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The Myths of Innovation Paperback – August 30, 2010
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About the Author
Scott Berkun was a manager at Microsoft from 1994-2003, on projects including v1-5 (not 6) of Internet Explorer. He is the author of three bestselling books, Making Things Happen, The Myths of Innovation and Confessions of a Public Speaker. He works full time as a writer and speaker, and his work has appeared in The New York Times, Forbes magazine, The Economist, The Washington Post, Wired magazine, National Public Radio and other media. He regularly contributes to Harvard Business and BusinessWeek, has taught creative thinking at the University of Washington, and has appeared as an innovation and management expert on MSNBC and on CNBC. He writes frequently on innovation and creative thinking at his surprisingly popular blog: scottberkun.com and tweets at @berkun.
His ambition in life is to fill the above bookshelf, which is by his writing desk, with books he has written. If he were smarter, he’d have picked a smaller shelf.
He’s based in Seattle, WA, but speaks often all around the world speaking about creativity and other topics he’s written about. If you’d like to hire him to speak at an event, head over here: www.scottberkun.com. You can watch videos of him in action and get in touch.
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Top Customer Reviews
After finishing the book I'm going from 3 to 4 stars. I still think the ideas in this book are vital for any creative person to know. It is worth your money. But it might not be worth your time. Read on.
I came across Scott's work after stumbling over a few articles he wrote while still at MS. They are buried deep in MS website somewhere.
I liked his articles and so decided to buy one of his books.
If there is one thing I've learned by reading The Myths of Innovation, it's that you do the reader a disservice by having too many parenthetical statements and pointless footnotes. Stop interrupting the user's flow! Only interrupt when the information absolutely needs to be said. The things I'm talking about are the injected humor that usually takes way too long to deliver. Scott would be wise to remember: "Brevity is the soul of whit." -Bill Shakespeare. It just draws the reader out too much. Some of his jokes hit home for a small internal chuckle, but for the most part the humor is just way too forced. I assume the attempt was to make the book engaging, but for me it did the opposite effect. I quickly became tired of constantly being drawn out of the flow of the copy. Therefore it took me several months of off again on again reading sessions to finish this book. I loved the ideas being shared, but the delivery was a labor! Just too much being said.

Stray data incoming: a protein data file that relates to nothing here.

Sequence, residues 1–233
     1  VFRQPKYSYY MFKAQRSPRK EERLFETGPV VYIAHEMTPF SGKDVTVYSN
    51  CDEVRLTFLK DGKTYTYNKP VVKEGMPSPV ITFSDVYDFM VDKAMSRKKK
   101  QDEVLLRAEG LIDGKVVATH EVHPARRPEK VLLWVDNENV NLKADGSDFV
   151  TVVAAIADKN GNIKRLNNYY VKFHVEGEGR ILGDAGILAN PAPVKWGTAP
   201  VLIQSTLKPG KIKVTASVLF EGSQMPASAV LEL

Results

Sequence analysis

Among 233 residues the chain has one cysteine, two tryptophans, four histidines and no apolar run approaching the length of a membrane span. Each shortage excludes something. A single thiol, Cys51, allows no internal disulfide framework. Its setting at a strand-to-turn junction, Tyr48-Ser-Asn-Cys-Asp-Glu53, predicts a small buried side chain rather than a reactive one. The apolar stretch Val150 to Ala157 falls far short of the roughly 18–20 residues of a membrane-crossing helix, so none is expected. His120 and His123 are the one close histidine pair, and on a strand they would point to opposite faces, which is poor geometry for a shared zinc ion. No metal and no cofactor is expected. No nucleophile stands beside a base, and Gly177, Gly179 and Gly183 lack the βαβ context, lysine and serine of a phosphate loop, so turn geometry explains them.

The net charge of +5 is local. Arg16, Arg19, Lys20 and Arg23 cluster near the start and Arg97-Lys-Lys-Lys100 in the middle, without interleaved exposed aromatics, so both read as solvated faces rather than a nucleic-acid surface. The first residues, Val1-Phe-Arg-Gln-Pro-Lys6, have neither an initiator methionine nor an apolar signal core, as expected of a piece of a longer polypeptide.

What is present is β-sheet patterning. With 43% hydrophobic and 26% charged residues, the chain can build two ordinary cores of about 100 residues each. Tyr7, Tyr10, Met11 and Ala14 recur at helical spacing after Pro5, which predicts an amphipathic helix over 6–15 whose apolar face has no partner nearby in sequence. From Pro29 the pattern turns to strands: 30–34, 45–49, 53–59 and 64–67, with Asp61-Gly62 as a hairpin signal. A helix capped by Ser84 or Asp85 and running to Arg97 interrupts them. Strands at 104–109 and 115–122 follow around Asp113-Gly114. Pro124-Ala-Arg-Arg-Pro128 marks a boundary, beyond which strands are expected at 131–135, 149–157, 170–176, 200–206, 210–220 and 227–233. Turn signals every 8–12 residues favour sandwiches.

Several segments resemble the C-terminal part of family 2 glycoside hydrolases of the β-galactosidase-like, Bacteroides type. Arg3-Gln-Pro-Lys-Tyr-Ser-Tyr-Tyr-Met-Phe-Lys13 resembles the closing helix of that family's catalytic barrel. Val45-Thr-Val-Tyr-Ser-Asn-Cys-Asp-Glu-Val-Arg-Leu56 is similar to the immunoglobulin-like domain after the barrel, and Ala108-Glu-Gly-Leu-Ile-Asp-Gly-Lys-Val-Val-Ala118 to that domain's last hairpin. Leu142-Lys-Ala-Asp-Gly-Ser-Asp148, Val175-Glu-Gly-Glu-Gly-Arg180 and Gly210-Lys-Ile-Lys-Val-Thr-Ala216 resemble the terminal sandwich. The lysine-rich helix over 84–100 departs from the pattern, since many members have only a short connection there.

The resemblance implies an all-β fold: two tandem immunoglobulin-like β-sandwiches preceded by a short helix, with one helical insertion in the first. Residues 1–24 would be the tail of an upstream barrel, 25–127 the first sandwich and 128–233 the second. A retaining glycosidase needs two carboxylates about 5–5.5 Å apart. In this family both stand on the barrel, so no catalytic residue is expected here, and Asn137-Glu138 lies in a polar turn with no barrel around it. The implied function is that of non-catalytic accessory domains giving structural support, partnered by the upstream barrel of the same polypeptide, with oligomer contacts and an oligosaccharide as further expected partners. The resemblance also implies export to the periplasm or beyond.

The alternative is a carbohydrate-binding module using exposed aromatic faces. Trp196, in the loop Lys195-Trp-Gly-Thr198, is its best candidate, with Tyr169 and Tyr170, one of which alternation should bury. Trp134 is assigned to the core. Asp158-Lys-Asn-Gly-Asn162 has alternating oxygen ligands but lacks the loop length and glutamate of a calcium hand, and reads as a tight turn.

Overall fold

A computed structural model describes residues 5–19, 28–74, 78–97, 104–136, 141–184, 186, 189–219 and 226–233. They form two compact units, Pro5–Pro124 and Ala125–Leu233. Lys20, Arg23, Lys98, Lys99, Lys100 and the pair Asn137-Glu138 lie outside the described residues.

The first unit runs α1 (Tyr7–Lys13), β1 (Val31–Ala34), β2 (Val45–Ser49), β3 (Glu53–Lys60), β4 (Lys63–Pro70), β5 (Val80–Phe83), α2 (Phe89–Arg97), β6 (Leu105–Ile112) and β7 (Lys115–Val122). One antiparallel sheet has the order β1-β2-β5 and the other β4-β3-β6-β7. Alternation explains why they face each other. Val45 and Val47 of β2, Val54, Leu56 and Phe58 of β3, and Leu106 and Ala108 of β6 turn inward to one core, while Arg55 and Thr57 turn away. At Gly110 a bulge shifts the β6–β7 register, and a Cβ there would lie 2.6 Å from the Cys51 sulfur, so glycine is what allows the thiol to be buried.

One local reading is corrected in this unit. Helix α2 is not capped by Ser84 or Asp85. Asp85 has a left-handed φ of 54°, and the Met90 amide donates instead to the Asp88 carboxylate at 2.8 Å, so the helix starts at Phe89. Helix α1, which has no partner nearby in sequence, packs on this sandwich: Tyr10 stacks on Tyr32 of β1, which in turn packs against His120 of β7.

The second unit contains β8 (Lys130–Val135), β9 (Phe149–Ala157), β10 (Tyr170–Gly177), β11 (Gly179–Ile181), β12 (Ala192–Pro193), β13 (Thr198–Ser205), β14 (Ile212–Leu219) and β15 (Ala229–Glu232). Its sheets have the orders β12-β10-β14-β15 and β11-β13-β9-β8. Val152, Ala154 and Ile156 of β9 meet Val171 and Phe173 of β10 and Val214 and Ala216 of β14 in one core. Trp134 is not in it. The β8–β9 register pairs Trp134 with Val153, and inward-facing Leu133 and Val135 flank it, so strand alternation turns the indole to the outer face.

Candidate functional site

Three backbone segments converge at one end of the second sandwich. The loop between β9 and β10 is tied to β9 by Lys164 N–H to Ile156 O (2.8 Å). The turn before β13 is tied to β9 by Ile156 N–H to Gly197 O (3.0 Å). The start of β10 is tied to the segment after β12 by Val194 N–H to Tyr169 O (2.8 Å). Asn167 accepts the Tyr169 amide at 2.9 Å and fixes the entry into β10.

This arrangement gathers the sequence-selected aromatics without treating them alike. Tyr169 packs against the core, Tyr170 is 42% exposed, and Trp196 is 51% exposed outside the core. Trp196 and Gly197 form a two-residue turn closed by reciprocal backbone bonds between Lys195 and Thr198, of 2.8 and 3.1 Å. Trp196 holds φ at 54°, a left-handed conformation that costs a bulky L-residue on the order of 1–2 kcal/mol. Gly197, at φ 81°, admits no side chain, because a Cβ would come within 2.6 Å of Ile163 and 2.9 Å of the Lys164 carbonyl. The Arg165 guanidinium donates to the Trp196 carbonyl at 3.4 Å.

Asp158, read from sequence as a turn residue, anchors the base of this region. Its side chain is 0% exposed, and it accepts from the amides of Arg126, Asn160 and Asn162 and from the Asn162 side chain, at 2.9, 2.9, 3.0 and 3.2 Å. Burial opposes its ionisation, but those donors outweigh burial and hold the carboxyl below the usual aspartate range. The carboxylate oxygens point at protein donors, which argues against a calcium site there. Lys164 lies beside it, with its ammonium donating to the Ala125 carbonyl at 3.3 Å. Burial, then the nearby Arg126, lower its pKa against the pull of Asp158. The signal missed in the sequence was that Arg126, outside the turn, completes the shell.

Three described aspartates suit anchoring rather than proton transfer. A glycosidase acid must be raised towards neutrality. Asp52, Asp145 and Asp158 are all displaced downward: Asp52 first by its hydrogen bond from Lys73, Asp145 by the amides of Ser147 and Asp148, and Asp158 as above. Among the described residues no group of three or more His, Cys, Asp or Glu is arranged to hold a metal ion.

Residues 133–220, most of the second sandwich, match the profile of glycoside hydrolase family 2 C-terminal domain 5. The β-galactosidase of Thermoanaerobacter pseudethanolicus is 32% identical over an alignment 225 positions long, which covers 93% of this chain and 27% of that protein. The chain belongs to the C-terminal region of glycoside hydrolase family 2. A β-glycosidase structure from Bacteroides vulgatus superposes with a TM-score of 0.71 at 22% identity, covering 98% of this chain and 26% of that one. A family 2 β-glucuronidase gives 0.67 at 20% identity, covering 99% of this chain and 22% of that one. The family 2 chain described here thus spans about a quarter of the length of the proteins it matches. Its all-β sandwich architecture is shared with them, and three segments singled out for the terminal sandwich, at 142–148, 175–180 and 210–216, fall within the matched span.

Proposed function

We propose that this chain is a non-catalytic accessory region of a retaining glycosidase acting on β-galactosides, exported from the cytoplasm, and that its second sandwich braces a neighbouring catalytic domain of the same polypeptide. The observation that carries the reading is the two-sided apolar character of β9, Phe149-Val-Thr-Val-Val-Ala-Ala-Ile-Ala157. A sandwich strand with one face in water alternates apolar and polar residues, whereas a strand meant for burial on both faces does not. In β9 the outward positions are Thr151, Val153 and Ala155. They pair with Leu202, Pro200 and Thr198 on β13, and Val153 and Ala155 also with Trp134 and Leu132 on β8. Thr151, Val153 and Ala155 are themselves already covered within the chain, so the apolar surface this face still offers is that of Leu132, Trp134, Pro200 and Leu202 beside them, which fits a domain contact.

Apply the same concepts of UX to your writing as you would your products. Don't interrupt the flow.
He starts the book with a great story of when he visited Google's head quarters and joined a tour group. He describes the moment when two of his co-tourists whispered to each other pointing over to a group of programmers "I see them talking and typing, but when do they come up with their ideas". This lays the groundwork for the rest of the book. It's a question many people ask of any creative/innovative person. Scott continues to explore our fascination with innovation and our desire to find the hidden secrets. Like all myths, the ones behind innovation are derived from quaint stories from history; Newton's Apple, Archimedes' bath tub.
Each chapter addresses one of the main myths and exposes the real path to innovation:
- the myth of epiphany,
- we understand the history of innovation,
- there is a method for innovation,
- people love new ideas,
- the lone inventor
- and many more.
The book is a fun read, and Scott has a very witty writing style. His stories and personal experiences help to explain some of his counter-intuitive demythologizing. As always the classic sign of a book I love, is that by the end I have many pages highlighted and copious notes written down the margins. Scott's book definitely fell into the category of `stimulating'. Even when I disagreed with him, I agreed with his underlying point.
I highly recommend the book for anyone interested in innovation. If you believe innovation is only open to lone geniuses or you are waiting for the proverbial apple of a good idea to fall on your head, then you NEED to read this book immediately!!
Scott has done a great service by debunking many of cherished myths that hold many people back from innovating. It is ironic that a book that aims to destroy innovation myths actually provides a set of insights that will help anyone come up with ideas (whether they work at Google or not).
Inventor of ThinkCube
This book is a quick read, but it served me well in resetting my mindset around innovation moving forward.
Most Recent Customer Reviews
The topic itself is pretty simple and Scott shows all the right things.Read more
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